This semester marks the beginning of Megan Quattlebaum’s term as program director of Yale Law School’s Justice Collaboratory — a branch of the Justice Department’s National Initiative for Building Community Trust and Justice, announced by Attorney General Eric Holder on Sept. 18.
The Justice Collaboratory serves as an umbrella organization for Yale’s participation in the initiative, a $4.75 million three-year grant to implement a reform program for community-police engagement in five pilot cities around the country. The initiative also includes related programming at YLS, such as a conference on police issues this spring. The consortium that received the grant includes two YLS professors, Tracey Meares and Tom Tyler, in addition to experts from the John Jay College of Criminal Justice, the Center for Policing Equity at UCLA and the Urban Institute. The initiative has a board of advisors that includes law enforcement experts, academics and civil rights advocates.
Quattlebaum — who was previously a senior research fellow at the law school — said that while the nationwide initiative was announced in September 2014, the Justice Collaboratory’s work will begin in earnest this semester. At present, researchers are selecting the five pilot cities, which should be decided upon by mid-spring. Quattlebaum said she hopes the researchers will be able to apply their theoretical knowledge on the ground and have a beneficial impact on the pilot sites.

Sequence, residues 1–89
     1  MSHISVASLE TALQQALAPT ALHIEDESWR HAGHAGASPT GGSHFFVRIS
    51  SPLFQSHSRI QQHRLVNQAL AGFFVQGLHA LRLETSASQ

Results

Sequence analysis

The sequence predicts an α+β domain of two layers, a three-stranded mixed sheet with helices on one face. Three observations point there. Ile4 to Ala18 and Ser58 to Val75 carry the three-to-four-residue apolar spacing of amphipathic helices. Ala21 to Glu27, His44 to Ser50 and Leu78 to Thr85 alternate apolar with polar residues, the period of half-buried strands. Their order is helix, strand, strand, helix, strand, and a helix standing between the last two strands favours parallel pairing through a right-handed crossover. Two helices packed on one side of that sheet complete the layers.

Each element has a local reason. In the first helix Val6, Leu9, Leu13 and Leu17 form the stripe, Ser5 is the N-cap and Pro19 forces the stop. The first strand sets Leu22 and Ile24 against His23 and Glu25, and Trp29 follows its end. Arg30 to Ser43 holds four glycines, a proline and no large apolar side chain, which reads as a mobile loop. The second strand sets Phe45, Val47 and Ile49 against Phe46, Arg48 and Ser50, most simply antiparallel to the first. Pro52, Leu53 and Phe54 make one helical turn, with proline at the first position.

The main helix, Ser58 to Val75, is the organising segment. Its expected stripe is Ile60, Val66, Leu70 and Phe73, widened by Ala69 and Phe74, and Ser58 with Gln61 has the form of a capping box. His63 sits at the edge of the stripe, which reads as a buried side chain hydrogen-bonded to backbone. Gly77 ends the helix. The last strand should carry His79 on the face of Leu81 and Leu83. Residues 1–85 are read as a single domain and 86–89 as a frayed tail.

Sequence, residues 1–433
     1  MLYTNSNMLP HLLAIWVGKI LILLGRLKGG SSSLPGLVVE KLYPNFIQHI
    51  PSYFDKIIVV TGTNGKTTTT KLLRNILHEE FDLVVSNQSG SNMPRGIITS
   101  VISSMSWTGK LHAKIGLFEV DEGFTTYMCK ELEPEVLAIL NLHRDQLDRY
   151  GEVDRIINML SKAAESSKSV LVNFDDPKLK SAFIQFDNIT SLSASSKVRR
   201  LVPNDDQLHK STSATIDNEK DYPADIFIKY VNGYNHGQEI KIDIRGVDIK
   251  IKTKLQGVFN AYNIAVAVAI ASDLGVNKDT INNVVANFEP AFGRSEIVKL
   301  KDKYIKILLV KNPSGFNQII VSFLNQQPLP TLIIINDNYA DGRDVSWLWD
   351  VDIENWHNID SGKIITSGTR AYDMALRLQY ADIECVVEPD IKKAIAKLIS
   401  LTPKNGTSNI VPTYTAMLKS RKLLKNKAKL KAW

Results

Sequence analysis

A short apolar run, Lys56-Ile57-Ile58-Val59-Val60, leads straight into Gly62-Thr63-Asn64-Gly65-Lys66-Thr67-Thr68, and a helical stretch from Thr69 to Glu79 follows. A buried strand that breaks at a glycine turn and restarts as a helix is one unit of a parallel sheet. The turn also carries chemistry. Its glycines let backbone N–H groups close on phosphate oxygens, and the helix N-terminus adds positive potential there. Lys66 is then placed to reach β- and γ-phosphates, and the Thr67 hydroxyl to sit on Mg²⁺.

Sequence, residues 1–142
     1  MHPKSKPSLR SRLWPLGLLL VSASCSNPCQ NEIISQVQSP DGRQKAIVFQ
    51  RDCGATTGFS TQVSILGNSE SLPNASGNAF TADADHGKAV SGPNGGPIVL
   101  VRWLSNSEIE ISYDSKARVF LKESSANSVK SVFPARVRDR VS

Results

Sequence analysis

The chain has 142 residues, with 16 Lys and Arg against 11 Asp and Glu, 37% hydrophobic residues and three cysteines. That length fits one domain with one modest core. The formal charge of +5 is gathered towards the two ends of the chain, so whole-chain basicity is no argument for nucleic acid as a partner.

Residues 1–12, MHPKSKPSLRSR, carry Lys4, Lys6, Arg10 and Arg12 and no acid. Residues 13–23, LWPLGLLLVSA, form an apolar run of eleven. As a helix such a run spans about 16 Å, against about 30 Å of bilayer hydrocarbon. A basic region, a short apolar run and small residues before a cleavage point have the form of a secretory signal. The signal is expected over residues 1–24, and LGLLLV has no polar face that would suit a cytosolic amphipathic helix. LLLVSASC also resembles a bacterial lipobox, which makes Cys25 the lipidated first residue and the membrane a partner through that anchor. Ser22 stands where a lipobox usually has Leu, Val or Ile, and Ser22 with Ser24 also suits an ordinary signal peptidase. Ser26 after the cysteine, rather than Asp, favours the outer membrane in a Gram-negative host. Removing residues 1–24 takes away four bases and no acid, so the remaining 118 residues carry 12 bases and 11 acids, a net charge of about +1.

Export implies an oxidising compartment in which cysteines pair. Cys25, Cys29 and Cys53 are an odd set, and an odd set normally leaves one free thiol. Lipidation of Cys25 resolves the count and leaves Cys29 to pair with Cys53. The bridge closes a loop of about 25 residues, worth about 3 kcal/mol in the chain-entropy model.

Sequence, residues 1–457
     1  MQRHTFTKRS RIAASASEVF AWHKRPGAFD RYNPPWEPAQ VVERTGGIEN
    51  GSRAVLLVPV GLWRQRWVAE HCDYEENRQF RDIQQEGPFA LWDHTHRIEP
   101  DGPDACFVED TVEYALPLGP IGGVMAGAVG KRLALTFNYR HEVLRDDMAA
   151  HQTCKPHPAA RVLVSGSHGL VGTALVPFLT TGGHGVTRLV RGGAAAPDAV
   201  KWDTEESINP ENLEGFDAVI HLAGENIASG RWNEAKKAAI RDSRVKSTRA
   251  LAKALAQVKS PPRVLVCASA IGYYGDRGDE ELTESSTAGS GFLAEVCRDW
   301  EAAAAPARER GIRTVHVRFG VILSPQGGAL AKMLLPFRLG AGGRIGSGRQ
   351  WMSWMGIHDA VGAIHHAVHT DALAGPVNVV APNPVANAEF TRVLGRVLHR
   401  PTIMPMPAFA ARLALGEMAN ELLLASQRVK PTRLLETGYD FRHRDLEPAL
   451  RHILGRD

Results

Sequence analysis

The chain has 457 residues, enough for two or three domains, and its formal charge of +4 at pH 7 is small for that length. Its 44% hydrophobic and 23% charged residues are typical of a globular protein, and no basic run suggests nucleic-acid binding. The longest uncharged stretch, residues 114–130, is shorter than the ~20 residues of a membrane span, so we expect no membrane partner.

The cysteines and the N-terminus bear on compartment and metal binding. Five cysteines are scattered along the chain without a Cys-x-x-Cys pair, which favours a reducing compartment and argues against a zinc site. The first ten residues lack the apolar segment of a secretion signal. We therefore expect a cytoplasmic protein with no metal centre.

“We hope that interventions will make a positive influence in decreasing use of force and increasing officer safety,” Quattlebaum said.
Co-founder of the Center for Policing Equity at UCLA Tracie Keesee, who is also working on the initiative, said that although the “core of the inspiration” for this initiative was Michael Brown’s death in Ferguson, Mo. last summer, race relations will be only one component of what the pilot program examines. In addition, she said researchers will look at different kinds of subpopulations and their relationships to the police, including the LGBTQ and Latino communities. She also said that it will be important for the lessons learned from the pilot program to be applicable to other police departments.
Quattlebaum added that the team is looking for cities that are different from one another, especially in size, but that also have the potential to demonstrate progress in community-police relations over the next few years.
“Some people think we’re picking cities where we think the problems are the worst and that’s not the case,” Quattlebaum said. “We think that most American cities have struggled with police-community relations, and we’re looking for places where there are all too common problems where we can make some change over the next three years.”
Looking forward, Sociology professor Andrew Papachristos, who is involved in the research, said the goal of this project is ultimately scientific. He said that too often policy is crafted around statistics that are merely convenient, but this project aims to provide accurate figures and information around which policymakers can craft effective reforms.
Urban Institute Senior Research Associate Jocelyn Fontaine, who is participating in the initiative, said the project is in too early a stage to assess its challenges. However, she noted that she has found the pilot project format fruitful in previous research, because it enables researchers to correct potential issues with reforms while in the pilot stage and before they have been applied to too many cities.
But Cara McClellan LAW ’15, who is a research assistant for the collaborative, said the greatest trial the researchers face may be implementing these policies in the urban setting.
“It’s always a challenge having a researcher coming in and telling you what to do,” she said.